Yun ShiFollow

Date of Award


Degree Type


Degree Name

Doctor of Philosophy (PhD)



First Advisor

Chun Jiang - Chair

Second Advisor

Delon Barfuss

Third Advisor

Teryl Frey

Fourth Advisor

Deborah Baro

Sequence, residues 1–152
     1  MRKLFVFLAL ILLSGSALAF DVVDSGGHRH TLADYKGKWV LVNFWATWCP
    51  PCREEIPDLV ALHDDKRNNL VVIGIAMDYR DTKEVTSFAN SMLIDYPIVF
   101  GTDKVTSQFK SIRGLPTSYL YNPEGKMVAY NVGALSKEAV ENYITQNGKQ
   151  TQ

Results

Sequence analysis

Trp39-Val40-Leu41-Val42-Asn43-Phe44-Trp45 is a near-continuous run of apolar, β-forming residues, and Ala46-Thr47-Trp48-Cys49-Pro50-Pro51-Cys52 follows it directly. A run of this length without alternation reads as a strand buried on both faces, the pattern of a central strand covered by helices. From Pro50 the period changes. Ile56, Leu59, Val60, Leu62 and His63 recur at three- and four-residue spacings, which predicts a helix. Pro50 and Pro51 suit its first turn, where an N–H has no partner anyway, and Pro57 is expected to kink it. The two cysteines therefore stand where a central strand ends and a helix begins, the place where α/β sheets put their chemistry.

Contractility of vascular smooth muscles (VSMs) in resistance arteries determines systemic blood pressure and blood supplies to local tissues, in which ATP sensitive K+ (KATP) channels play a role. The KATP channels that couple metabolic state to cellular activity are activated by multiple hormonal vasodilators and inhibited by vasoconstrictors. To understand the molecular mechanisms for the channel regulation by vasodilators, we studied the effects of β-adrenergic receptors on Kir6.1/SUR2B in HEK cells. Stimulation of β-adrenergic receptors activated the channels, which relied on the GS-protein, adenylyl cyclase, cAMP and PKA system. Using mutational analysis, we scanned all the putative PKA sites on Kir6.1 and SUR2B subunits and identified two residues (Ser1351 and Ser1387) in SUR2B critical for channel activation. In vitro phosphorylation experiments confirmed that Ser1387 but not Ser1351 was phosphorylated in isolated SUR2B peptides. Molecular modeling and molecular dynamics simulations reveal that phosphorylation at Ser1387 causes interdomain movements in SUR2B subunit. Blockage of the movements by engineering a disulfide bond across NBD2 and TMD1 eliminated the PKA-dependent channel activation. We also studied the molecular basis for the inhibition of vascular KATP channels by PKC. In the HEK expression system, we found that the Kir6.1/SUR2B channel but not the Kir6.2/SUR2B was drastically inhibited by PKC stimulation. We constructed Kir6.1/Kir6.2 chimeras and identified two critical protein domains for the Kir6.1 channel inhibition by PKC. The distal C-terminus was the direct target of PKC where multiple phosphorylation sites were identified. These phosphorylation sites were located in a short sequence with stereotypical sequence repeats. Mutation of any decreased the effects of PKC. Joint mutation of all of them prevented the channel inhibition by PKC. The proximal N-terminus is also involved in PKC effects without phosphorylation sites, suggesting it may play a role in channel gating. Thus, this thesis provides experimental evidence for the vascular KATP channel modulation by PKA and PKC. Phosphorylation of the Kir6.1 and SUR2B subunits by PKC and PKA produce inhibition and activation of the vascular KATP channel, respectively, which appears to be one of the molecular bases contributing to vascular tone regulation by both vasoconstricting and vasodilating hormones and neurotransmitters.


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